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Princess Elizabeth poses with her father, King George VI, her mother Queen Elizabeth and her sister Princess Magaret in February 1947 in Cape Town during her first official state visit to South Africa. - The Queen and Princesses are British fashion ambassadors on this trip, and as such have benefited from special textile points granted by the Department of Trade. (Photo by Sport and General Press Agency Limited / AFP) (Photo by -/Sport and General Press Agency L/AFP via Getty Images)

Her coronation dress, worn on June 2 1953, was again designed by Harnell and featured pearls. It was embellished with gold and silver thread to celebrate the occasion.

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The Queen made one request - that the dress be embriodered with the national flowers from Britain and the Commonwealth.

Her robe was made by the Royal School of Needlework and took two months and 3,500 hours to complete. It had a symbolic meaning - the border featured ears and olive branches to represent peace and plenty.

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Portrait taken on June 2, 1953 shows Britain Queen Elizabeth II during her coronation, which was the first to be televised. AFP PHOTO (Photo by STRINGER / AFP) (Photo by STRINGER/AFP via Getty Images)

The following decade saw the royal’s style become more formal, with the addition of matching tailored jackets and brooches.

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President Eisenhower and HM Queen Elizabeth II inspecting a Guard of Honor at the gates of Balmoral, Scotland, August 28th 1959. (Photo by Keystone/Hulton Archive/Getty Images)

In the 60s, her clothing really came into its own. There was more playfulness - her dresses were a-line shaped, and she began embracing more patterned clothing. But, her hats and pearl necklesses still remained.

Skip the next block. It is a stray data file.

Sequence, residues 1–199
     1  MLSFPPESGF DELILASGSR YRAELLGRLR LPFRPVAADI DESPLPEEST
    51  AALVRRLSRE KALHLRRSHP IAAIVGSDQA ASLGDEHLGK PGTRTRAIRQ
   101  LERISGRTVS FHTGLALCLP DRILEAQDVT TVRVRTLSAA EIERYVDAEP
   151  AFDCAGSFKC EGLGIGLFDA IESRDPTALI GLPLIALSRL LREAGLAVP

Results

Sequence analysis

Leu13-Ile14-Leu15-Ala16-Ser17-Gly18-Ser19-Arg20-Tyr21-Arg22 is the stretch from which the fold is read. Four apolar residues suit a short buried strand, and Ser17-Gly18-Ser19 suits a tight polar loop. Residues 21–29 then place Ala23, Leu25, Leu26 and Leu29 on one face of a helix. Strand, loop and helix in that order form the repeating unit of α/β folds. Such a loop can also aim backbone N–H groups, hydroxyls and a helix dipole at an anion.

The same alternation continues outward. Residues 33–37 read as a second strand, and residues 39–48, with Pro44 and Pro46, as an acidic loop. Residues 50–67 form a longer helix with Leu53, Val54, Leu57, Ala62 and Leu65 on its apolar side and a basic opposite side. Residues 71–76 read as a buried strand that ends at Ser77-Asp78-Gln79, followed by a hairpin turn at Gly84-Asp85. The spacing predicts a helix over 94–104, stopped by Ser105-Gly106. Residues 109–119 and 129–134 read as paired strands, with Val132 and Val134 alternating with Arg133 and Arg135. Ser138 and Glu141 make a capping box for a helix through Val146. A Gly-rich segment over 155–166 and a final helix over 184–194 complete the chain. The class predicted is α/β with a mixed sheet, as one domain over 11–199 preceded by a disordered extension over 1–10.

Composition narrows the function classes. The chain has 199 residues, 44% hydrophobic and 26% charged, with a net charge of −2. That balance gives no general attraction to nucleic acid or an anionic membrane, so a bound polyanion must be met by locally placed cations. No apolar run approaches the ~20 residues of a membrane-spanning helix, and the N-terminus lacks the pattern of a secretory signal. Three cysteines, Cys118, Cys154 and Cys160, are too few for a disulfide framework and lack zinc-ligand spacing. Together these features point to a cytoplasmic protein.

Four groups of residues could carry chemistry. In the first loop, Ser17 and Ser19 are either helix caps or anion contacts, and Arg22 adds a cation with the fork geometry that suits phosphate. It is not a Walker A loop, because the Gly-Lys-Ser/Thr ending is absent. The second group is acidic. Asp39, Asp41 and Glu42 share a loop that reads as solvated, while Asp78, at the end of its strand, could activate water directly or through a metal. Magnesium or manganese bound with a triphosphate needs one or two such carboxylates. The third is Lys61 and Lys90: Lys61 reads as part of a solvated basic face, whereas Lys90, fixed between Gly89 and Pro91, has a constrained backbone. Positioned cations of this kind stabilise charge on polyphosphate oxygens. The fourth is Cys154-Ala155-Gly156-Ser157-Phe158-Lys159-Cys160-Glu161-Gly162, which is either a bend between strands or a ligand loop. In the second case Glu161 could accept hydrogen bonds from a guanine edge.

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Queen Elizabeth II patting on the forehead of a horse while Ethiopian emperor Haile Selassie (1892 - 1975) is standing next to her during her visit to Ethiopia, 5th February 1965. (Photo by Terry Fincher/Daily Express/Hulton Archive/Getty Images)

Her clothing in the 70s seemed to form the style for the rest of her life. She was often seen sporting structured hats and matching dresses and jackets.

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Queen Elizabeth II in Deptford, during a walkabout to commemorate her Silver Jubilee, London, UK, 9th June 1977. (Photo by Evening Standard/Hulton Archive/Getty Images)

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From the 80s and beyond, the royal embraced more colour into her wardrobe. Queen Elizabeth II began wearing patterned and brightly coloured matching garments with hats.

WINNIPEG, CANADA - JULY 3: Queen Elizabeth II walks out of Government House to unveil a statue of herself on July 3, 2010 in Winnipeg, Canada. The Queen and Duke of Edinburgh are on an eight day tour of Canada, starting in Halifax and finishing in Toronto, to celebrate the centenary of the Canadian Navy and to mark Canada Day on July 1st. On July 6th the royal couple will make their way to New York where the Queen will address the UN and visit Ground Zero. (Photo by John Stillwell - WPA Pool/Getty Images)